Similarly, the now classic High/Scope Perry study carried out decades ago in Ypsilanti, Michigan, has also shown that preschool enrichment programs for high-risk children can significantly improve social outcomes such as subsequent high school graduation, avoidance of legal and marriage problems, home ownership, and use of social services (Schweinhart 1993).

Head Start and Early Head Start

The largest targeted early childhood intervention programs in the United States are Head Start, for children four and five years old, created by the federal Department of Health and Human Services in 1965, and Early Head Start, for pregnant mothers, toddlers, and children up to three years of age, created in 1994. These needs-tested programs now serve just under 1 million American children, providing comprehensive child development, educational, health, nutritional, social, and family services. Services are offered in centers or in the child's home, or both, depending on family need and preference. The trained Head Start service providers are locally based grantees of the U.S. Department of Health and Human Services who have a significant degree of discretion over program content but who also are held accountable for meeting developmental standards set by the national program directors. Earlier published evaluations of the programs and their outcomes have shown mixed results (McGroder *1146 1990), but a more recent, comprehensive, seven-year national examination of Early Head Start has shown this version of early, planned interventions for mothers-to-be and very young children to have modest but positive effects on learning and, depending on the age of the mother and the number of social risk factors involved, also on the parenting that supports the child's learning through the first three years of life (Love et al. 2002).

From its inception, Head Start has been funded in two streams: one for service provision and a second for development and testing of new approaches to care and development. This built-in feedback loop offers a real possibility of continuous improvement in a social program that can have profound effects on the children and families served by it (Kagan, personal communication, 2003). The Department of Health and Human Services recently published its own evaluation of Head Start and concluded that "children in Head Start are not getting what they need to succeed in school" (U.S. Department of Health and Human Services 2003: 2). Citing a serious lack of coordination of services and too little attention to development of cognitive skills, they support the proposals of the current administrative branch for more skilled caregivers and a greater emphasis on letter and number recognition, prereading, and language skills (ibid.). The proposed changes are consistent with an extensive literature on the observed lifetime benefits of early interventions, and if fully implemented they could significantly strengthen the program. At the time of writing, however, it appears that the administration's mandates for change will not be fully funded, and it remains to be seen what can be accomplished with less than optimal resources.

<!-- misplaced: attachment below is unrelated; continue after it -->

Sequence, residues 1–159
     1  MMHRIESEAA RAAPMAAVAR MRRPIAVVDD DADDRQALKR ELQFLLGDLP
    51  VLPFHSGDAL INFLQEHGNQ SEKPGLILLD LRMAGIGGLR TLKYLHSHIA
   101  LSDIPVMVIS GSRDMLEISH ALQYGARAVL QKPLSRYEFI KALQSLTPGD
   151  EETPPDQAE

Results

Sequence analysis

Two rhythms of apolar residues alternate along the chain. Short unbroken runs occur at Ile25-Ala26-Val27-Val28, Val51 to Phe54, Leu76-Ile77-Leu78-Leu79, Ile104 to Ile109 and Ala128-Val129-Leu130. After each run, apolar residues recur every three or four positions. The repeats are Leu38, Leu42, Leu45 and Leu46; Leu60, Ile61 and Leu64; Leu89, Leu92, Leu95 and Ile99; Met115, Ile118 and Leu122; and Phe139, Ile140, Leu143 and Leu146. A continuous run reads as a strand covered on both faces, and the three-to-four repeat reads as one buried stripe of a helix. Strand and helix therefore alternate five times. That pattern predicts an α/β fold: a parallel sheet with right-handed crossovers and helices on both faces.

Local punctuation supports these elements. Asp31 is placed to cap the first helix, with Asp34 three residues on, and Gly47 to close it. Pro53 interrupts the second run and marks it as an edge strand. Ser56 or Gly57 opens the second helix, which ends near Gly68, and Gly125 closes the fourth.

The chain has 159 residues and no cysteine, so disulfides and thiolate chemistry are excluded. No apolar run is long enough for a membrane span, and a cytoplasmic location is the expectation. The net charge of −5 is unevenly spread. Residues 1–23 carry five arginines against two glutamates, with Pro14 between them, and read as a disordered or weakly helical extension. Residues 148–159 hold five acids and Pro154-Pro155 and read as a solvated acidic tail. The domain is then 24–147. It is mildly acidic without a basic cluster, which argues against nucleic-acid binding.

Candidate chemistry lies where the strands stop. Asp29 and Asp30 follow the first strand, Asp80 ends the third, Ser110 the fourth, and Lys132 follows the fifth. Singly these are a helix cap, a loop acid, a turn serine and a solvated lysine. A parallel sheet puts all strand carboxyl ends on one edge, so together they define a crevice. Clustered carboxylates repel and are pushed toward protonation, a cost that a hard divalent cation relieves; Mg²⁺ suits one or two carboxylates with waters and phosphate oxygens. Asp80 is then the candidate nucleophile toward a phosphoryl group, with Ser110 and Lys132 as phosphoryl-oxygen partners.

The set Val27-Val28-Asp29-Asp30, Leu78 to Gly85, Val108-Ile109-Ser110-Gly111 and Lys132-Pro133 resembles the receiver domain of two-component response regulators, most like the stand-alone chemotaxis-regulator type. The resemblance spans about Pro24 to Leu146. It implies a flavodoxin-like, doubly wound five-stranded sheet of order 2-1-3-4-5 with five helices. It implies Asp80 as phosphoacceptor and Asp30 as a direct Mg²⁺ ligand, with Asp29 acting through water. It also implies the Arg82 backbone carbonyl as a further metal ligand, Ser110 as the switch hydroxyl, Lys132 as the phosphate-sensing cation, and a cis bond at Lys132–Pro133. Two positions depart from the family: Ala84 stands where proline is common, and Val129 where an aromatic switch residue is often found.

The available evidence therefore shows that being born at risk does not have to be a life sentence for our children. It also shows that the earlier family support and educational enrichment are provided, the better the outcomes. The point was made some time ago by the Civitas program that, from a public policy perspective, we have allowed a massive mismatch to develop between the opportunity for positively influencing children's development during the first three years of life when their brains are most malleable and the other public investments we make in human services including health and education (Perry 1996). This mismatch is nicely illustrated by comparing the per capita expenditures in one state, Connecticut, for support of K--12 education versus pre-K child care and development: the ratio is $8,700/.083, or more than 10,000/1 (Kagan 2003).

*1147 Outline of Our Policy Recommendations

Strong evidence links early childhood development to literacy, social competence, and success in school. Even stronger evidence links educational attainment to personal health status and subsequent socioeconomic position. A better-educated population is likely to participate more fully and effectively in the processes of a democratic society, including the processes of innovation and sustainable economic development (Keating and Hertzman 1999). Improved health status will improve the quality of life for many and is an essential factor in gaining control of health care costs, particularly those covered by Medicaid, which is the largest and fastest-growing line item in the budgets of most states.